Whether you fancy trendy city cars or crazy customs ripped from a comic book, there are plenty to go
Looking for an e-book reader? You have more choices than ever before--though the number of models we
After the tech giant agrees to pay millions in the e-book price-fixing lawsuit, the presiding judge says, "I'm concerned about the terms of the settlement."
Since mother knows best, it would serve you well to give her the best tablet to match.
US District Court Judge Denise Cote originally took issue with the settlement because Apple could end up only paying $70 million.
The e-commerce company has made the book publisher a public offer: accept $9.99 e-book prices, and Amazon won't ask for more of each sale.
Some of the literary world's biggest names sign a letter opposing the e-commerce company's muscle-flexing with book publisher Hachette.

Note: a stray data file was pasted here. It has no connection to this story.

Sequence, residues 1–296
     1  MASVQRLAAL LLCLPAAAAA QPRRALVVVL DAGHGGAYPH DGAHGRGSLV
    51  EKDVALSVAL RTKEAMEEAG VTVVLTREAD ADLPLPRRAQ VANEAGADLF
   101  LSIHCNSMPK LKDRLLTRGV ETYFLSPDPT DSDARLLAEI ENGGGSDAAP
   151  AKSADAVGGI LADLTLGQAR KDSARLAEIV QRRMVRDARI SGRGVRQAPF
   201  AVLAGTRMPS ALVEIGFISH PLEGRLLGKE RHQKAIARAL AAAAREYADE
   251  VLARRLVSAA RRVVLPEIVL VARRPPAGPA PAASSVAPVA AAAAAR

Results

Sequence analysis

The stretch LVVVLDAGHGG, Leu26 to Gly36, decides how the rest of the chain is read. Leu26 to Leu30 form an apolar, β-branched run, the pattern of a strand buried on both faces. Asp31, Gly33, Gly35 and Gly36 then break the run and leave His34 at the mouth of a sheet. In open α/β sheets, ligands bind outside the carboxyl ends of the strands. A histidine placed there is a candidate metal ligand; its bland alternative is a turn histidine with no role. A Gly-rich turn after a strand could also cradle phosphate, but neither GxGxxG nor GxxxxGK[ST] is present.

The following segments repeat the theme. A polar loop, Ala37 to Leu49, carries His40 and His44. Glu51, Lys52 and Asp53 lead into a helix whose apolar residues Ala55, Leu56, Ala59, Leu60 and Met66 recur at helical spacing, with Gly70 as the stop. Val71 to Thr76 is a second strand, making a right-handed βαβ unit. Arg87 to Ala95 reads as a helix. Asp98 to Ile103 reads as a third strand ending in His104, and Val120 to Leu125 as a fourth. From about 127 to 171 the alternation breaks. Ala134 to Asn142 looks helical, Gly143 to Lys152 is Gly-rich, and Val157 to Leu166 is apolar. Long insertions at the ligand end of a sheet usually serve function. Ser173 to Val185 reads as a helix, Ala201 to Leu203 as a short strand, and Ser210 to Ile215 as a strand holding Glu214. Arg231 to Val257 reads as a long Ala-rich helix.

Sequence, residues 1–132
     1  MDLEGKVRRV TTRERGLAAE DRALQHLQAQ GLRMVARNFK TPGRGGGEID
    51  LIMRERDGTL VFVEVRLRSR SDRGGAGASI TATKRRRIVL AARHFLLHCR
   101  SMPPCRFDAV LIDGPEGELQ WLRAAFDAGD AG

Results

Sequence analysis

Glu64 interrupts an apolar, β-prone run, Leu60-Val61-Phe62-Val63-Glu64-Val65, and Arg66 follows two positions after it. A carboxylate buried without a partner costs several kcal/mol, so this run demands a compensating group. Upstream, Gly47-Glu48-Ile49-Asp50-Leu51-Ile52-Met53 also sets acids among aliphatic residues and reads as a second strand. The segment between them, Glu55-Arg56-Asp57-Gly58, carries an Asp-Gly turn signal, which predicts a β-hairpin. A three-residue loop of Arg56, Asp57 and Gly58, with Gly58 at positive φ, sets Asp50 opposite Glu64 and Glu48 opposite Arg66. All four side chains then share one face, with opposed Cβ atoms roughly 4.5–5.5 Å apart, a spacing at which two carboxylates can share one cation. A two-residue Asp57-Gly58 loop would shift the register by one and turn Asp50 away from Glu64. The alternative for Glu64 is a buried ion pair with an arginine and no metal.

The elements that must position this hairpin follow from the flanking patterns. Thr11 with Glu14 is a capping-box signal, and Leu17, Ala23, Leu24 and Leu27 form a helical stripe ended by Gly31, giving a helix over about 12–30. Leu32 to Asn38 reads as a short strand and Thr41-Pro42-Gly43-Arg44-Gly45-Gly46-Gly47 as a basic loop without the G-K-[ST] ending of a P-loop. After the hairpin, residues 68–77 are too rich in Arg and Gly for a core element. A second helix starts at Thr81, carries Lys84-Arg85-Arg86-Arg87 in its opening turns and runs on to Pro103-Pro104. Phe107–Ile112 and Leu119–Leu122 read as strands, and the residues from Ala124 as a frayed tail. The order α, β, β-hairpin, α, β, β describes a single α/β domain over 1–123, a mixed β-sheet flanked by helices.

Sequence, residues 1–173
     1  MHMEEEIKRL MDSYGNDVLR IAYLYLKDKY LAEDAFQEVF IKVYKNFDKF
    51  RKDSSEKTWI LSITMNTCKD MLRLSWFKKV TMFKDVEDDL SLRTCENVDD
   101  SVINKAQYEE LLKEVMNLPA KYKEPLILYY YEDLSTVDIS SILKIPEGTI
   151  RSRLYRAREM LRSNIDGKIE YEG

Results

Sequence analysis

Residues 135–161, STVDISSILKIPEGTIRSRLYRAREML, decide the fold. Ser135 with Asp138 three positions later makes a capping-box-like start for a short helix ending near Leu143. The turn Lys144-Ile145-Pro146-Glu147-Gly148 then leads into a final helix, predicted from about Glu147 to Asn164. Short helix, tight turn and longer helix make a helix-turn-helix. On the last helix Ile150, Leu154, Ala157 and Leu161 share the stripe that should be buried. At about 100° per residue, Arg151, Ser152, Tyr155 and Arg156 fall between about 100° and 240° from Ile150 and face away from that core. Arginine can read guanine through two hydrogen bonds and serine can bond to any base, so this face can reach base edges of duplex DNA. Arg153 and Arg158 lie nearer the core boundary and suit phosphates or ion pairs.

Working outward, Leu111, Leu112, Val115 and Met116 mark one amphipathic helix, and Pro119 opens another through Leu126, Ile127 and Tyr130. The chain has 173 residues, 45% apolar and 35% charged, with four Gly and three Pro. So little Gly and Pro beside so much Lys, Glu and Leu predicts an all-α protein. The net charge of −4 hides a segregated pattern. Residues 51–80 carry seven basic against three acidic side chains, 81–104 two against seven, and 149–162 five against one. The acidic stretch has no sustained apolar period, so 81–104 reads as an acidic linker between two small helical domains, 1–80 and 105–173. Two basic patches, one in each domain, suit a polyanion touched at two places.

The monthly subscription service that lets you read an unlimited number of e-books is now available on any desktop or mobile browser.
The settlement hinges on the success or failure of the company's appeal of a ruling that found it conspired with publishers to fix prices.
The settlement comes less than a month before the scheduled beginning of the trial, in which $840 million in damages was sought from Apple.
In the battle to become the "Netflix of digital books," Scribd is taking its app to Amazon Kindle Fire tablets while updating its iOS and Android apps.
The petition sought emergency stay pending the resolution of an appeal concerning the case's class status.